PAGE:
What’s Behind Low Inventory?
This has been the longest running, highest appreciating, craziest-making “up” market anyone has ever seen. For ten years, a historic low level of supply has held sway and leveraged a remarkable rise in intensity, competition and of course, prices.
In the old days 4-6 months of inventory was considered a balanced market but we haven’t seen anything close to that in a long time. What’s behind the great shrinking effect that has a stranglehold on supply? Here’s a short list:
Lack of New Homes: YIMBYS and NIMBYS can duke it out for the moral high ground but the fact is, we’ve had a 30+ year history of low/no growth policies that have severely constricted supply. The Great Recession also had a huge impact on new building investment. The market still hasn’t caught up
Missing Move-Up Market: Before the mid 2000s the market was driven by move-up buyers, buying and selling in the same market and that maintained a balance between supply and demand. The majority of current buyers are millennials who don’t have homes to sell. Second home buyers also don’t add to the existing inventory.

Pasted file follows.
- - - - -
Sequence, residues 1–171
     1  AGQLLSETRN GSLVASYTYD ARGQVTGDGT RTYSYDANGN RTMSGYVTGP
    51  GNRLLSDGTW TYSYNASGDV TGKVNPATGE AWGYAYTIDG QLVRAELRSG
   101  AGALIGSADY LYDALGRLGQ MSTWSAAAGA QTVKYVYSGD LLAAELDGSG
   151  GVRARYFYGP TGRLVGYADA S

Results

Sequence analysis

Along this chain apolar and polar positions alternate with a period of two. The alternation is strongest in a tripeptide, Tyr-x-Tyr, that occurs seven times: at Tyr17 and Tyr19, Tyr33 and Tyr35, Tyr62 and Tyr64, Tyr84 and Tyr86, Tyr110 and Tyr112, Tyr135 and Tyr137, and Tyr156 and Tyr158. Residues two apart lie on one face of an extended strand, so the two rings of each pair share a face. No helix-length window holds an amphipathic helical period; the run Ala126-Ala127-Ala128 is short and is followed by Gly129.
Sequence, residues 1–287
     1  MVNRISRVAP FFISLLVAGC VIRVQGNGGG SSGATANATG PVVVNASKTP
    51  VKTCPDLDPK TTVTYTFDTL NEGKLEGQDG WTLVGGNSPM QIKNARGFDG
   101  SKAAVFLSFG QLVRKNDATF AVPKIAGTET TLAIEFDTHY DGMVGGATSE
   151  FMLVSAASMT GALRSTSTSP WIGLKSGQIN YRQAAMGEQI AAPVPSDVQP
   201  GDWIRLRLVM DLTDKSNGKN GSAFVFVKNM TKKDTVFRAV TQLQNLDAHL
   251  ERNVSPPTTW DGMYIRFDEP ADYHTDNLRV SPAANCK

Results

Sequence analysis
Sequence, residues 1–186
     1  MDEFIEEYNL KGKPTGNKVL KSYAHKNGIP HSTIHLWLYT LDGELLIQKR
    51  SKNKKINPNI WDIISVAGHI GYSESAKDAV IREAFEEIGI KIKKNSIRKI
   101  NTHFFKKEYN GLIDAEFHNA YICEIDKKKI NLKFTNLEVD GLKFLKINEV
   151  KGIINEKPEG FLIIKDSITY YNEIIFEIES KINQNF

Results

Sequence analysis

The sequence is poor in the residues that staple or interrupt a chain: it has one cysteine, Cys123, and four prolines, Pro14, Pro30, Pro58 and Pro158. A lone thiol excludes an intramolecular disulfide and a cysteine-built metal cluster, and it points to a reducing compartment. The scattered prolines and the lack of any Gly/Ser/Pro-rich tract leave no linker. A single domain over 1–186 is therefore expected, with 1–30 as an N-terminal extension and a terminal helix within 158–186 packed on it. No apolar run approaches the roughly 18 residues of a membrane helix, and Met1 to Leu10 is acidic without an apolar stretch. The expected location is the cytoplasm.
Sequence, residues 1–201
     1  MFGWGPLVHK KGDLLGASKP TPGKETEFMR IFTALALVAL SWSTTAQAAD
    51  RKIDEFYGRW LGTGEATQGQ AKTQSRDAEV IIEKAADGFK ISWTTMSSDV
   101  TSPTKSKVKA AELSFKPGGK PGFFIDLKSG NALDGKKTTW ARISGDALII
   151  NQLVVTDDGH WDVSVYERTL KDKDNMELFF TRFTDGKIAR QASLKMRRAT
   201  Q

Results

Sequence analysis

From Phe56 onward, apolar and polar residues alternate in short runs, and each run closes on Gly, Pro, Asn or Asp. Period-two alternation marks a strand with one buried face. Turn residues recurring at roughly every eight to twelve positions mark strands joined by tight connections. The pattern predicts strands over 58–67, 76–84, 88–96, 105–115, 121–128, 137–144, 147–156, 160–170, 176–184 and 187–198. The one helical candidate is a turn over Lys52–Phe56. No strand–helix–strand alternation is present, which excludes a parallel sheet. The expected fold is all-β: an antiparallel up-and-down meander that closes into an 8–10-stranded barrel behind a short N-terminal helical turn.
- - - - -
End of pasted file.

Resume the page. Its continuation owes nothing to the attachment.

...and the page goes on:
Demographic Shifts: Huge numbers of baby boomers were just hitting retirement age (65) in 2008 while millennials coming out of college had trouble entering the workforce. Meanwhile members of the silent generation born between 1928-1945 were/are living and holding onto their homes (inventory) longer. As these three groups continue to age, they are contributing to the low inventory landscape.
Difficulties in Downsizing: There are specific challenges that make it more difficult for aging boomers to downsize. Since they own the majority of existing homes those challenges are holding back supply. If it was easier to downsize, more inventory would be available.
Speed of the Marketplace: Tech and digital platforms are increasing the speed of real estate. A faster process absorbs more of the available inventory faster, leaving less supply in its wake. Real estate supply is inching more towards an instant supply chain model that doesn’t require as much inventory to drive the market.
Catch 22 of Low Inventory. Once in a low inventory market it is difficult to escape a low inventory market by virtue of the way the homebuying process works. Here’s an example: An aging boomer wants to sell a larger house and buy a smaller one in the same market, where the inventory is low and there are multiple-offers on everything. The odds of getting an offer accepted contingent upon the sale of the buyer’s existing home are close to zero. Sellers don’t have faith that they’ll be able to buy another home if they put their home on the market.
We’ll continue the conversation next week…